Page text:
Waterford Council has approved planning for one of the country’s largest solar farms in a scenic region of mid-Waterford.
Dublin-based Highfield Solar Ltd had sought 10-year permission for a development across four distinct land sections, spanning 270 acres in the county’s Copper Coast region.
There are 120 houses within a 500-metre boundary of a site nestling between Waterford greenway, Copper Coast Geopark and the Comeragh Mountains.
The nearest settlement is Tidy Towns old medal winner Stradbally village, some 800 metres from the development boundary.
The planning application drew 32 submissions from locals opposing the development.
Most objectors feared the farm would be out of sync with the agricultural, recreational and tourism profile of the area.
Three landowners in the region have submitted written consent to have the company apply for permission to site the farm on their properties.
Permission was granted with 22 conditions.
Community activist Anne Troy said locals are “gutted” but believes that “not everyone realises the scale” of the development.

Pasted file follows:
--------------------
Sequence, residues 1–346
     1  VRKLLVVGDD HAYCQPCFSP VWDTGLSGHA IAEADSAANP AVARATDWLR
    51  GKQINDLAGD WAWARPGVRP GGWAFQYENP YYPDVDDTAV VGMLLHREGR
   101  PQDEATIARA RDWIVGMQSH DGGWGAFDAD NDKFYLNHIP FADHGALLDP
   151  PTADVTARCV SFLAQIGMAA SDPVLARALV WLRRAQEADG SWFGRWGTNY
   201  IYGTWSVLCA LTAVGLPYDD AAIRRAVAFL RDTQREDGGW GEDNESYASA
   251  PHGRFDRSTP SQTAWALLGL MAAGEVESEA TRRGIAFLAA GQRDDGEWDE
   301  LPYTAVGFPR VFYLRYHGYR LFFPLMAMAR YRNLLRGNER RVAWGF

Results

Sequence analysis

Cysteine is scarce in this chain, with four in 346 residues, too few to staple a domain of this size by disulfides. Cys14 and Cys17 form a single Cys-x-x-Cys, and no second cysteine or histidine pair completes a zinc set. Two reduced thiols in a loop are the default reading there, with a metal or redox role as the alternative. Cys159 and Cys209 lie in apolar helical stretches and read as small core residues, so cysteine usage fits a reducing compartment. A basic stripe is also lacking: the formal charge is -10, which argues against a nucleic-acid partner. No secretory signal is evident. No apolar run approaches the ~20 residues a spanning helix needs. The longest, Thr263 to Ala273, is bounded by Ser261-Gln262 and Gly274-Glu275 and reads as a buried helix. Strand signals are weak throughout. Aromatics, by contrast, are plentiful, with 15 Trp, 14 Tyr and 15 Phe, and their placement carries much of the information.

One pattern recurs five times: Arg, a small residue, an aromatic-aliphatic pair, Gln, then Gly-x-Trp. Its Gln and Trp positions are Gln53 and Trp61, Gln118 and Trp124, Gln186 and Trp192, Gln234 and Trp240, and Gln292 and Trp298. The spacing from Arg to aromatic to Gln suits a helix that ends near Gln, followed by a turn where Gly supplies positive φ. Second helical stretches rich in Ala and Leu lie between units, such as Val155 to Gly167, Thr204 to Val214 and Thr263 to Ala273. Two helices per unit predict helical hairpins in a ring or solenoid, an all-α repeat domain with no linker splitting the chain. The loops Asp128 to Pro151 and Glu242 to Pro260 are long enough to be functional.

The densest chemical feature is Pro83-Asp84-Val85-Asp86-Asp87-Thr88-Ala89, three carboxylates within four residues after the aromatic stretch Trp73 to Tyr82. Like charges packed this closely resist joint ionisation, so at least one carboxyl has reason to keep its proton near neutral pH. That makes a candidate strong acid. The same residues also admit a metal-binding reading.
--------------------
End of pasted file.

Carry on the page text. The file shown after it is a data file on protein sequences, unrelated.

“Whichever direction you take, it will be a sea of glass, visible from both Mahon Falls and Waterford greenway,” she said.
The activist, who has campaigned successfully against two windfarm proposals in the region, believes the planning will be appealed to Bord Pleanála.
Ms Troy says her concerns are not derived merely from landscape or visual factors, claiming she is responding to health fears for her grandchildren.
“We are talking about battery packs, power stations and 100 KW lines,” she said. “Highfield Solar want to store 110 batteries in steel containers. They haven’t sought planning for a substation, which means accessing the national grid via overhead lines”.
Highfield Solar already had planning for a 27 acre solar farm in in Kilmacthomas, after Bord Pleanála overturned the council’s planning refusal earlier this year.
That site rests on a busy junction between the old and new N25 route, bringing TII objections on the grounds of possible glare on motorists.
The latest permission comes weeks after Bord Pleanála upheld planning granted by Waterford Council for another solar farm in the Comeragh area.
That development saw Dublin-based BNRGN Mothel Ltd also seek a 10-year permission, with a view to building a solar farm on two sites totalling 95 acres, with a projected lifespan of 30 years.
The company also received permission for a 110 KV substation by which the farm will connect to the national grid.
Planning again included 22 conditions.
Source: Full Feed